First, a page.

It TOTALLY is a dream temperature in Tonga right now. That's how it was when we went for HEFY. But it is "winter" there, what they call the wet season. I've heard their summers are almost unbearable, so we'll see! Apparently it's been pretty rainy there the past week. It's down pouring in Utah right now so I think God is preparing us for the weeks ahead of us. Hence, the picture of us appreciating the rain at the MTC. 

This week has been amazing and I have felt God's love for me immensely. For starters, we watched Elder Packers funeral an hour or so ago. As I reflected on the idea of dying and the plan of salvation, I couldn't help but think of HOW COOL it is!! I have always known that death is only goodbye for now and see you later. But it hit me that death is so exciting!! Yes, we have to say goodbye to some people for short while, but we will be going to the spirit world where our parents will be and all of our loved ones will be that have already passed on. I think it relates somewhat to serving an 18 mo/2 yr mission. We will be pretty sad to be ending our mission wherever that may be and to leave the people we have grown to love, but really, we are going home. We are going back to the parents that brought us up and the people who love us tremendously. I'm so grateful for the knowledge I have of the Plan of Salvation. It is beautiful. 

Well, it is so good to hear from you! Sounds like there were almost some casualties at the island (; Be safe and don't fall in!! But if you do just get it on film so there is evidence when I get back! haha Love you all so much <3 Have a great week!

Sister Betteridge

Hard to say goodbye to teachers!

enjoying the rain

Sweet stranger took our photos in the airport to send to family!!
On our way to Tonga!!

Friday, July 3, 2015

Male famili!

Well I thought I would be in the MTC forever, but looks like I'm leaving pretty soon! Time just keeps speeding up and I have no idea where it went. We leave SL next Sunday (the 12th) and fly to LA, LA to New Zealand, and New Zealand to Nuku'alofa. So we leave Sunday and arrive in Tonga late Tuesday night (due to the time change and layovers). I'm getting more anxious to leave now! I want to start talking to real people! Yesterday, our teachers admitted they are giving up on us. Since they feel like they have taught us everything they can (which I don't believe), they don't know what else to teach. Sooo they like to tell us Tongan stories about spirit turtles and what not.   I like to count the victories here in the MTC. And one of those victories was the realization that I've studied French for four years and Tongan for a little over four weeks and I feel more comfortable talking and teaching a lesson in Tongan than I do in French. The spirit is AMAZING. I know that if I had studied Tongan anywhere but here in the MTC for four weeks or even much longer, I'd be no where near where I am now with the language. Brother Fisher said that people study Tongan for YEARS to get to where we are now. Apparently agents have been skeptical and have come to visit MTC's in the past because  they want to know why missionaries learn languages so fast. I have always wondered that myself. I figured that the gift of tongues was magic. Now I understand what it takes. Lots of work. Lots of faith. And lots of heavenly help. I'm going to need a little more heavenly help, though, to help me say a new word that I learned this week from the scriptures. It's "mahuhuhuhu," which means piercing. Try saying that one fast! Or maybe it's just me. I can't say it for the life of me and so whenever we would come across it as we read 3 Nephi 3:11, of course it would always be my turn and then everyone would laugh at me. haha I'll keep working on it.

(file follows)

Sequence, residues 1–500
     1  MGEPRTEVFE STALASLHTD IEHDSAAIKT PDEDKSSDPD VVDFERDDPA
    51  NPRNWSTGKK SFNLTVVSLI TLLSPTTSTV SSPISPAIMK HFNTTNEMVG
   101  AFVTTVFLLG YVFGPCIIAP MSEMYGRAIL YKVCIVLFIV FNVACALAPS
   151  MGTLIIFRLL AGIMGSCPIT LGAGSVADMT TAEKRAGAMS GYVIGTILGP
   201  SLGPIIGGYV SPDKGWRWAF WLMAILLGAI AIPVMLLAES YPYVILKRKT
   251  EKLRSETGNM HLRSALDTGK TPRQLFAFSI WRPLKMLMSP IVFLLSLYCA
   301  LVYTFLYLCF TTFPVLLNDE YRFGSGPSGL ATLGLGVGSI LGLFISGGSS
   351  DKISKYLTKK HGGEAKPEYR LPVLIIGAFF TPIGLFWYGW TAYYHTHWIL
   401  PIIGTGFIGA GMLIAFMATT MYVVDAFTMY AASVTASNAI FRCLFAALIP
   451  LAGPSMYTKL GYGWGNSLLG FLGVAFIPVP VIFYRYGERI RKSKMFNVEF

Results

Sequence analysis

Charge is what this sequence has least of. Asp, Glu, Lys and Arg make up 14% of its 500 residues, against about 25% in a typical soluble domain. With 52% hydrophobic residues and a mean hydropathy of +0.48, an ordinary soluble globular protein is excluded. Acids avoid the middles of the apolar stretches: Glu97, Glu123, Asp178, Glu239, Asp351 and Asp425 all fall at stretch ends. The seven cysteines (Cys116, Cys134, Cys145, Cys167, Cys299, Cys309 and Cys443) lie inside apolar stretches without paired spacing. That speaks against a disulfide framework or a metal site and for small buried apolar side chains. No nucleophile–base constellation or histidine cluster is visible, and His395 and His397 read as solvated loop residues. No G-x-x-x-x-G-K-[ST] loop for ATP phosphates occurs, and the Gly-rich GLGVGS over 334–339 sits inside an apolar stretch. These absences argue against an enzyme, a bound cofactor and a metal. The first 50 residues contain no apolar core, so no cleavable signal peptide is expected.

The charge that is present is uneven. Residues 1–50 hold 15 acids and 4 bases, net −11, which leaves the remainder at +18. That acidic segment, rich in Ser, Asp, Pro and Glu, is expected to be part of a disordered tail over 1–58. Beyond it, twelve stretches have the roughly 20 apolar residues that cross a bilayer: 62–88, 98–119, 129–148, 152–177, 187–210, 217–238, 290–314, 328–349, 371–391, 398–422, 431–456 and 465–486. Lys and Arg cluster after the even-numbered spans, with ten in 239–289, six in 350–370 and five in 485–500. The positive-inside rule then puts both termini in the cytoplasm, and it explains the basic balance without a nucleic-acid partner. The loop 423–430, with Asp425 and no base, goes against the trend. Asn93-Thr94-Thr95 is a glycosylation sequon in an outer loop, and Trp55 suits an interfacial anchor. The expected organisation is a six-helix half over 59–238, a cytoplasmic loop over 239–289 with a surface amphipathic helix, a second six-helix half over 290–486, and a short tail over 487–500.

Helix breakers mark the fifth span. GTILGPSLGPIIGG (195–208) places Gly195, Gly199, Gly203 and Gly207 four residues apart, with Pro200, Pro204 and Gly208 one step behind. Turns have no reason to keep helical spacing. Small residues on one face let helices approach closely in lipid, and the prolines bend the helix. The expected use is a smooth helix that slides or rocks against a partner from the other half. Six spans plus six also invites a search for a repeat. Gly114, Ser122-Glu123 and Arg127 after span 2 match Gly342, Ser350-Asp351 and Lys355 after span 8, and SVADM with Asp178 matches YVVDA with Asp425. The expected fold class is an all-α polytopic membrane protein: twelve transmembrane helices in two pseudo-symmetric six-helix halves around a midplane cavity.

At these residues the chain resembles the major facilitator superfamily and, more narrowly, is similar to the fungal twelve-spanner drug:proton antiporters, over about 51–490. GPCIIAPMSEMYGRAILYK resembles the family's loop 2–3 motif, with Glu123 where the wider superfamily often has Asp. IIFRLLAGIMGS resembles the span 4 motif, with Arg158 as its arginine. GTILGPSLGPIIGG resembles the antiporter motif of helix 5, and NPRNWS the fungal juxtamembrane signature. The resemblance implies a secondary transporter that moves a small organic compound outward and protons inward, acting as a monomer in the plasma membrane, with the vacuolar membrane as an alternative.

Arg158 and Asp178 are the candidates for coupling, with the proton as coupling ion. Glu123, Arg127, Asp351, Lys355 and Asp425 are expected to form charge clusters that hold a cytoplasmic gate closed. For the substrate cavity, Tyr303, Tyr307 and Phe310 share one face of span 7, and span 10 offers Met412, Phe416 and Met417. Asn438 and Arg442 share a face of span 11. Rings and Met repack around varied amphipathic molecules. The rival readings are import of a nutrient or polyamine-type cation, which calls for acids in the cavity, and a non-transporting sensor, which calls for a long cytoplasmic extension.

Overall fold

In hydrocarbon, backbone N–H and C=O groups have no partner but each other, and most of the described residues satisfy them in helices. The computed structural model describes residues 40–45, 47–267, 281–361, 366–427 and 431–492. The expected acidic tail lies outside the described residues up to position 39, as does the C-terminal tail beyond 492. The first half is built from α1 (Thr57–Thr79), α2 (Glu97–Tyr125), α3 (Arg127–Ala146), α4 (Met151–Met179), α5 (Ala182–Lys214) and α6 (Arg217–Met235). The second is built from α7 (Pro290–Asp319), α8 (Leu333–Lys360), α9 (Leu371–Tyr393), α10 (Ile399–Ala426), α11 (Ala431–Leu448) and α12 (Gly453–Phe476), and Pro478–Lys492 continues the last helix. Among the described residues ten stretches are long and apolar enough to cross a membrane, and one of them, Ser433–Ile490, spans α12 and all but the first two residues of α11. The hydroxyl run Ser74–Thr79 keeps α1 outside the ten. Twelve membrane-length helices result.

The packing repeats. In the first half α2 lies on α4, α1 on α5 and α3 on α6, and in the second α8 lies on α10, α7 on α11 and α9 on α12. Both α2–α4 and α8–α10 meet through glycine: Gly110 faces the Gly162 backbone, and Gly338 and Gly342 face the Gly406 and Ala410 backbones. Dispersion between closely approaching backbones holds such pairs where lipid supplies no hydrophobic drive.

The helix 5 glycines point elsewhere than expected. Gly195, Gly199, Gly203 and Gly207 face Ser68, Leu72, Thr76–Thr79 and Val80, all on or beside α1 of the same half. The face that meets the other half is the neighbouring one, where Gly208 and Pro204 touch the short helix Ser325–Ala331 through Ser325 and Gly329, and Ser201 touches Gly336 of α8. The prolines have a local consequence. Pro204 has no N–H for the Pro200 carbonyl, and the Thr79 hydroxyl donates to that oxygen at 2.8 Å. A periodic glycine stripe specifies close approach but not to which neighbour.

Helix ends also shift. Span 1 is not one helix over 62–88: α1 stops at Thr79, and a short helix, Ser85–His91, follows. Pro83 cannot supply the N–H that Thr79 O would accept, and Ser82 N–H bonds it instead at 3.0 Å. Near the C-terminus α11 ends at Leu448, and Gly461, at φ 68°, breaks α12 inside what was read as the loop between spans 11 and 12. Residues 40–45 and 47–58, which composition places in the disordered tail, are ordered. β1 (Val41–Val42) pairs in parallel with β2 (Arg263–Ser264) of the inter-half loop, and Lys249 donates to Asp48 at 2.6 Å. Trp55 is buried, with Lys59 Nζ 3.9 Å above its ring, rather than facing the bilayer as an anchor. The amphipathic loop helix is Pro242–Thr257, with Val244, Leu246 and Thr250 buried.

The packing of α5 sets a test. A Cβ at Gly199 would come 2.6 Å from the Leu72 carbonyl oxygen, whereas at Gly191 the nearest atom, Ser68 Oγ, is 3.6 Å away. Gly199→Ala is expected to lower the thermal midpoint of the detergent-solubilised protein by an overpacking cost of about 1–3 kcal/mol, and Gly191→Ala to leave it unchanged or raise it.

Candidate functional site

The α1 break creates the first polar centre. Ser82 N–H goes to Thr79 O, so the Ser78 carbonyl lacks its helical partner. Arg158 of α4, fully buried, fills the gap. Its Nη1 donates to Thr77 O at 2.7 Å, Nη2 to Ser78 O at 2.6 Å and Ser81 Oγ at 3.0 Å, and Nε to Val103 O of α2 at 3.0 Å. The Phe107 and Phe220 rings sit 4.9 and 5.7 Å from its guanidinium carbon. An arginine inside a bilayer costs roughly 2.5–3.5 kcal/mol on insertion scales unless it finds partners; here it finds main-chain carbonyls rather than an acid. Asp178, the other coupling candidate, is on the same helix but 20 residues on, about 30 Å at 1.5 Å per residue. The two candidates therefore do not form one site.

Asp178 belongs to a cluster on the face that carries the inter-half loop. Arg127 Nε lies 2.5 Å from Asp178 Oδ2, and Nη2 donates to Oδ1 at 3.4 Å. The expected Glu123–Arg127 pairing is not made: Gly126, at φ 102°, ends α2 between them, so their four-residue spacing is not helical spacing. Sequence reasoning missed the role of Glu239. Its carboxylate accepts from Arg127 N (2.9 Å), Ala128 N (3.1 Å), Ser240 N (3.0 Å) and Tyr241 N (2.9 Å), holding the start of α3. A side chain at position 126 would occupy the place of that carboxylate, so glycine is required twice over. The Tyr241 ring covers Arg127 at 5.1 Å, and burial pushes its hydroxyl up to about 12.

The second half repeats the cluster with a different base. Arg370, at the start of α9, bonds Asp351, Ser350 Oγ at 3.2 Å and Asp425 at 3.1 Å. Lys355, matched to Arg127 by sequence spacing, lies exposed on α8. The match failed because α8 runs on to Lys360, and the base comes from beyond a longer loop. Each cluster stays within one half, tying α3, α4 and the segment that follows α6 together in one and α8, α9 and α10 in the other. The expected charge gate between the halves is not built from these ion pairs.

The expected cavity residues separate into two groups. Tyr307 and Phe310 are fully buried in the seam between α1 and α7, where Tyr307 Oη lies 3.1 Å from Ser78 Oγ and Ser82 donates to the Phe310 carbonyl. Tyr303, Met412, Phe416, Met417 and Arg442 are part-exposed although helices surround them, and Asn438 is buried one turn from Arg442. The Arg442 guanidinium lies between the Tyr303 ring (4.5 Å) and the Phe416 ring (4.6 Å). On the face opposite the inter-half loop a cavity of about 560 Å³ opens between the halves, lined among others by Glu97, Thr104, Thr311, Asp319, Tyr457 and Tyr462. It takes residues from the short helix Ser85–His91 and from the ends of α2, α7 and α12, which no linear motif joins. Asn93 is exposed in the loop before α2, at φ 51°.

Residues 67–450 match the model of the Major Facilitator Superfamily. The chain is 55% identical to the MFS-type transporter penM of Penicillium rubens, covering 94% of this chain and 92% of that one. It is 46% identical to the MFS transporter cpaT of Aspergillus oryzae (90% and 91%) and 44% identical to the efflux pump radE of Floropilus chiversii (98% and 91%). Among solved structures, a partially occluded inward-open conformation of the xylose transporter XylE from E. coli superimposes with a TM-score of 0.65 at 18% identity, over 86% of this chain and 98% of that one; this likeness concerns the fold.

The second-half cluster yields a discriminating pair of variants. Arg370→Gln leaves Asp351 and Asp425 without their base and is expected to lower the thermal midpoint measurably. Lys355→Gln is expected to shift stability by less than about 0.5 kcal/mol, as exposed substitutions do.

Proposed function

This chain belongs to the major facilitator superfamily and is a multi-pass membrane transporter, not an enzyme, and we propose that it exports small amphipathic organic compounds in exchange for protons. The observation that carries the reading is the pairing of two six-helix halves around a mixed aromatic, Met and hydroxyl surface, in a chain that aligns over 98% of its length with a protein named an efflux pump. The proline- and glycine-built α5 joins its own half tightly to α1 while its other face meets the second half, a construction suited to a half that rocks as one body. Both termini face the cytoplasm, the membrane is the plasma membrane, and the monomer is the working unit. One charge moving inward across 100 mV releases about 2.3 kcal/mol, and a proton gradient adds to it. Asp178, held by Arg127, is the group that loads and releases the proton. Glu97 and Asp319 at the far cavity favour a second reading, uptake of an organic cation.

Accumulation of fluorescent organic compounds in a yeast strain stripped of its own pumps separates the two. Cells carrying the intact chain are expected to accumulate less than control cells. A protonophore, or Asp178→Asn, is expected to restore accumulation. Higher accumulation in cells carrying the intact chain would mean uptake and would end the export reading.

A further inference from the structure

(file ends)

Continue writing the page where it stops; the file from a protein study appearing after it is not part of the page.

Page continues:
My sweet companion, Sister Moreno, went home earlier this week due to health problems. She worked so hard and after many challenging weeks, President Willes practically FORCED her to go home to get better. She is an example of courage and faith to me and I am so grateful I was able to serve with her. I am so excited to see her recover and join us again in the Pacific Islands. I am now in a trio with Sister Emch and Sister Stokes. Sister Stokes is serving in New Zealand and Sister Emch will be in Tonga with me (: 

We received 15 new Fijian missionaries this week, which DOUBLED our zone. There are 3 sisters from Papa New Guinea and Tahiti. The sister from Tahiti can only speak French and understands verryyy little English, which is a challenge! I can't even imagine having to learn Fijian AND English in an English training center. Heavenly Father really does have a sense of humor! When I heard that she only speaks French I thought WAHOO I can help!! It was pretty depressing to learn, however, how much I have forgotten after trying to speak with her. Hopefully it's been enough to help her feel loved and welcomed. The three of them are just the cutest. Within the first night, we received knitted bags from Papa New Guinea and blouses and necklaces. It is very much the polynesian way and it amazes me how excited they are to give. We realized how slow Americans are to give when we felt that all we could offer were Sister Emch's favorite SnapPeas. We will keep working on that. We need to tell them, though, that they should save their gifts for people in Fiji. 

Last week we taught another volunteer member, and we were able to teach a cute old Tongan lady about receiving answers to our prayers. I shared with her the story of how I decided to serve a mission. Barely into it, I started crying as I felt the spirit testify of the significance of that experience. It was a very tender moment because the lady then shared her own story and started to cry. Although I couldn't understand most of it, I felt the spirit as she talked about receiving answers to her prayers. It is that feeling and experience that I rely on when it gets difficult here. President Willes shared with us a good message on enduring to the end. It's discouraging and unimaginable sometimes to see the end and what we need to do to get there. Whether that's learning the language, completing a mission, overcoming an addiction, or making it back to the presence of our Heavenly Father. All we need to do is endure today. Work as hard as you can today. Then start over the next day. If we get discouraged thinking about the end and feeling that it will never come, we may let days go by where we aren't doing as well as we should or moving away from Christ. So just endure today. 

I love all so much! Have a wonderful week <3

Sister Betteridge